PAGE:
Make Your Employees Productive and Happy: Go Green!
We have highlighted the benefits of green building standards in previous blogs including The WELL Building Standard: The Future of Modern Design and Going Green with LEED. Now, a report from the World Green Building Council (WorldGBC) makes the business case for green buildings that contain health and wellbeing features such as enhanced fresh air ventilation, an increase of daylight penetration and the use of biophilic design elements. Findings cited in the report include reduced employee absenteeism, minimized operating costs and employees that felt more productive and healthier after these features were added.
Case Study Results
The report examines case studies of 11 facilities around the globe that have one or more green certifications including LEED, Green Star, and BREEAM. After adding health and wellbeing features into these green-certified buildings, based on pre- and post-occupancy surveys, companies realized tangible benefits including energy consumption reductions, improvements in occupant wellbeing, satisfaction and productivity, and strong financial returns.
Excerpts from the findings reported include:
- Green features for the American Society of Interior Designers’ (ASID) new HQ in Washington D.C.include indoor air quality, biophilia/views and lighting. A circadian lighting strategy was implemented based on occupant demographics, office location and the solar cycle. The move to the new building saw an increase in employee productivity and reduction of absenteeism, which is expected to pay for its investment within the first five years.
- The Akron Children’s Hospital project by HKS in Ohio integrated several green features including lighting, indoor air quality, and biophilia/views resulting in an average improved satisfaction level of 67% by patients, family and staff. Hospital staff cited lighting levels and air quality, in particular, as key features that supported their work. In addition, over US$900,000 in annual energy cost savings was achieved.
- Sherwin-William’s office refurbishment of their Centro-America headquarters in El Salvador features lighting, indoor air quality, acoustics and materials. The company saw a 68% reduction in reported respiratory problems and a 64% reduction in reported allergy problems. Company absenteeism reduced by 44% that the company calculated as a savings of US$85,000 per year.
- Green features at Landsec’s new UK workplace include lighting, indoor air quality and interior layout. A circadian lighting strategy was implemented as well as user-controlled lighting settings for specific tasks. After occupying the new space, over 90% of employees agree the new office design enable productive work and there is a 25% increase in satisfaction with lighting levels.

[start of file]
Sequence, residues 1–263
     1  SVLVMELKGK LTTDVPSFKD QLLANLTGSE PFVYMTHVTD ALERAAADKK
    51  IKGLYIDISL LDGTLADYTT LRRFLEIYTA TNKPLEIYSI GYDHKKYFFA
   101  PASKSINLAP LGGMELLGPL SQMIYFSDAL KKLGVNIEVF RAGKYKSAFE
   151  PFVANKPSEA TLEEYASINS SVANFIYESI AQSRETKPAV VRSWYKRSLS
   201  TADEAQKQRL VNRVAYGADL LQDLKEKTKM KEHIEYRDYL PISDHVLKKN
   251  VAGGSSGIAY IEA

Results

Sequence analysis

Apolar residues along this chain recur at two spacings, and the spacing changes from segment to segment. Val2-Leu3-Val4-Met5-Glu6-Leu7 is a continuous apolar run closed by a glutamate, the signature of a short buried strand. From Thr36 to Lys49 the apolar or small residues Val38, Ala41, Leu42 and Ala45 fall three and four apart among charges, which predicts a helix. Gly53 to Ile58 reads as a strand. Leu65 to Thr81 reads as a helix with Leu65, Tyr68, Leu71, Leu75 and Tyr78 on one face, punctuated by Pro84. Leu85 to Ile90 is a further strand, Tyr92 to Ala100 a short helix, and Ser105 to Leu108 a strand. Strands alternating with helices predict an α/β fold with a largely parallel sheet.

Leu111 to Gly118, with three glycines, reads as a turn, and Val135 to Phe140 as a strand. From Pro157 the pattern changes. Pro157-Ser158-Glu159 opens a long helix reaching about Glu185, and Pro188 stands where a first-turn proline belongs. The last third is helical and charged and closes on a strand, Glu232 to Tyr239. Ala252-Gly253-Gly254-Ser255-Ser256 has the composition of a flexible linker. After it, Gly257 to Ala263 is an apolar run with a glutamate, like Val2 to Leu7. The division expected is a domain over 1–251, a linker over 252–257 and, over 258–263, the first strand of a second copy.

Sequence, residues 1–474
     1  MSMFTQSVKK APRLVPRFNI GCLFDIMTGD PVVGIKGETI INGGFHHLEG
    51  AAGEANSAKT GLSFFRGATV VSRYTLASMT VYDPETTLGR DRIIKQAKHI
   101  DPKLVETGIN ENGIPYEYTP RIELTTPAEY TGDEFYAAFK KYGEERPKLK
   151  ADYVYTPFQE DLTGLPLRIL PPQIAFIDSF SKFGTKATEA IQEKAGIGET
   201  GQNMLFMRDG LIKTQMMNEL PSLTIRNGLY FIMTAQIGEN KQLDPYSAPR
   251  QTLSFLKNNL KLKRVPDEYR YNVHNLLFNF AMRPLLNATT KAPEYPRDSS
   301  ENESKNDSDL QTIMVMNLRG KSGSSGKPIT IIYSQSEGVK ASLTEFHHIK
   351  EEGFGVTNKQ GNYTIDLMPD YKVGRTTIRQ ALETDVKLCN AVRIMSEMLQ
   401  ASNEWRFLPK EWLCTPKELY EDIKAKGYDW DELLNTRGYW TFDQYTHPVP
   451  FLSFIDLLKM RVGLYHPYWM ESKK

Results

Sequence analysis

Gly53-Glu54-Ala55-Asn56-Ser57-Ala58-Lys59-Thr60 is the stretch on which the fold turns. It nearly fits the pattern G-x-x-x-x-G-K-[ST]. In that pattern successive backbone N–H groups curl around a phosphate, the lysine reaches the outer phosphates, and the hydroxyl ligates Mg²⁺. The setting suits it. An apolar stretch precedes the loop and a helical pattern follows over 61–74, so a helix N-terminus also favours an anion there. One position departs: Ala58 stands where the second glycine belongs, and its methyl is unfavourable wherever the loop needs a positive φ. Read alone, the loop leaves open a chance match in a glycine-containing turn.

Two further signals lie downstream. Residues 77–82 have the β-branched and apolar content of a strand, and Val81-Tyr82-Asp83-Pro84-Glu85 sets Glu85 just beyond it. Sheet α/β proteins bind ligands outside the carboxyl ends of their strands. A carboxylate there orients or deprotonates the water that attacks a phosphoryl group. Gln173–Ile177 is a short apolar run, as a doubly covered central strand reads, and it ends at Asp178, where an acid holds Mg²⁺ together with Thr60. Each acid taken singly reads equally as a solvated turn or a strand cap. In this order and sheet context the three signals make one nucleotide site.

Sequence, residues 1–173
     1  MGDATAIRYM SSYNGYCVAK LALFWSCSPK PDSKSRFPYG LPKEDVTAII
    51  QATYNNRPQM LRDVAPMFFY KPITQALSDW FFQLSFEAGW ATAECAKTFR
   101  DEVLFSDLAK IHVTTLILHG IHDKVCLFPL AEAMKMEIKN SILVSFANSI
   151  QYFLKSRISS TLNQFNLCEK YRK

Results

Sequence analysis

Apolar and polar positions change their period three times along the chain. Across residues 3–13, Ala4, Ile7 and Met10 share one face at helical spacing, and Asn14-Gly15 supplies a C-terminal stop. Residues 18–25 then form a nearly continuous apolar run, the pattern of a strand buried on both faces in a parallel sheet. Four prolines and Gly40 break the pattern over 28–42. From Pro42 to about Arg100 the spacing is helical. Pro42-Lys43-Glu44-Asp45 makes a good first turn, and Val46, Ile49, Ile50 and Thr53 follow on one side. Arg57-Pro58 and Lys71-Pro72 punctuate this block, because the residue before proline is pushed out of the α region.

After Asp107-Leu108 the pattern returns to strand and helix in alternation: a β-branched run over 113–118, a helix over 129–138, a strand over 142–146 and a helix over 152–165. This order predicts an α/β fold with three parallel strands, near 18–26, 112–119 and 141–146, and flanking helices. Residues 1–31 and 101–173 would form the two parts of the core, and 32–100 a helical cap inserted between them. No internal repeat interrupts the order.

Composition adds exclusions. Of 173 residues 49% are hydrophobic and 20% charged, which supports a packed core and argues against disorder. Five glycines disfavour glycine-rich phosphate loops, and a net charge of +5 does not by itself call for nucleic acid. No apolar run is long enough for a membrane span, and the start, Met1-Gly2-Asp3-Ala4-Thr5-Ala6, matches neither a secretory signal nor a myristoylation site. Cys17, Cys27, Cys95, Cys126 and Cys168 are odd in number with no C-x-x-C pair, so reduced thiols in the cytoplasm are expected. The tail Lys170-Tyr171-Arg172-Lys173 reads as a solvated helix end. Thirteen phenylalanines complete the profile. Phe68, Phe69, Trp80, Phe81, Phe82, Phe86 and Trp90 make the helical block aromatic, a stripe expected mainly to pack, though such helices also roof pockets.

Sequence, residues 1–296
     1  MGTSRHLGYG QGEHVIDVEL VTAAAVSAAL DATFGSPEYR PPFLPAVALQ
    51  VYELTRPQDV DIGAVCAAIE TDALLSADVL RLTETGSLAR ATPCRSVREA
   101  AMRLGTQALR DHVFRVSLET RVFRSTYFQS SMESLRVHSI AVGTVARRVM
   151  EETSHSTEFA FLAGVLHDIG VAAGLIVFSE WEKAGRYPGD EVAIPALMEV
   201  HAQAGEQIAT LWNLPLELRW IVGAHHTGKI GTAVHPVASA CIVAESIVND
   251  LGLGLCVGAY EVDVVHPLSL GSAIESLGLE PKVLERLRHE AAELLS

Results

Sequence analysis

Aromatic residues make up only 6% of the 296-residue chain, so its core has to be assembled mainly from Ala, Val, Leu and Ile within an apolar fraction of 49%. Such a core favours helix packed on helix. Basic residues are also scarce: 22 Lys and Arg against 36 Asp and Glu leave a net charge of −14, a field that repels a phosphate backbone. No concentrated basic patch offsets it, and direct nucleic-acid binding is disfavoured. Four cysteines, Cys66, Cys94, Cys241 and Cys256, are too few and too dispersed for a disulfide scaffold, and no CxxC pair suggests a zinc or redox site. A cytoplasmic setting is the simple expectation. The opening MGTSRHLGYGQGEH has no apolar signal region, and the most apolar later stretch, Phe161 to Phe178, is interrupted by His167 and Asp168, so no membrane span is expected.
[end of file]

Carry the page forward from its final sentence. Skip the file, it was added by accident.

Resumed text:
- Arup’s office fit-out in Boston features lighting, indoor air quality, interior layout and biophilia/views. Use of a circadian lighting strategy in particular contributed to reduced energy consumption and increased occupant satisfaction.
To learn more, read the complete WGBC report Doing Right by Planet and People: The Business Case for Health and Wellbeing in Green Building.
Smart Lighting Supports Green Buildings
Lighting plays a significant role in green building design. LED lighting and intelligent lighting controls offer a quick means of reducing a building’s energy usage and the related costs. An LED installation can save 40% or more as compared to traditional incandescent and fluorescent lighting. Even greater savings can be achieved using an automated control system that leverages occupancy sensors and other lighting control strategies.
An intelligent lighting control system addresses the visual needs of the space by enabling the right amount of light at the right time based on occupancy, a timed event, daylight level, and more. Smart control strategies including daylight harvesting, personal control, occupancy sensing, time scheduling, task tuning and demand response offera comprehensive approach to improving energy efficiency. When used in combination with each other, maximum energy savings is attainable.
Human Centric Lighting for Health and Wellbeing
Human Centric Lighting (HCL) is a strategy based on circadian rhythms, the body’s natural 24-hour clock that is synchronized with the Earth’s natural lighting cycle. HCL expands the scope of lighting design beyond the traditional architectural approach (aesthetics, visibility and safety) and incorporates a science-based approach (considering visual and non-visual effects of light). HCL can help improve occupant productivity levels as well as boost occupant health and wellness. To learn more about Human Centric Lighting, take a look at our blog post Human Centric Lighting in Commercial Offices Boosts Health, Well-being & Productivity.
A 2017 study from the Lighting Research Center (LRC) at Rensselaer Polytechnic Institute revealed that office workers who receive a robust dose of circadian-effective light experienced better sleep and lower levels of depression and stress, as compared to those who spent their days in dim or low light levels. Further research from LRC showed that lighting systems delivering a high amount of circadian-effective light, especially early in the workday, could reduce sleepiness in office workers while also improving their mood and alertness.
The research team found that even in open offices with many, large windows, office workers were not receiving enough light to stimulate their circadian system during the day, due to factors such as season, cloud cover, desk orientation, and window shade position.
Human Centric Lighting (HCL) aims to improve occupant productivity, health and wellness. And productive, healthy employees can improve the bottom line.
To learn more about smart lighting, download the ebook below.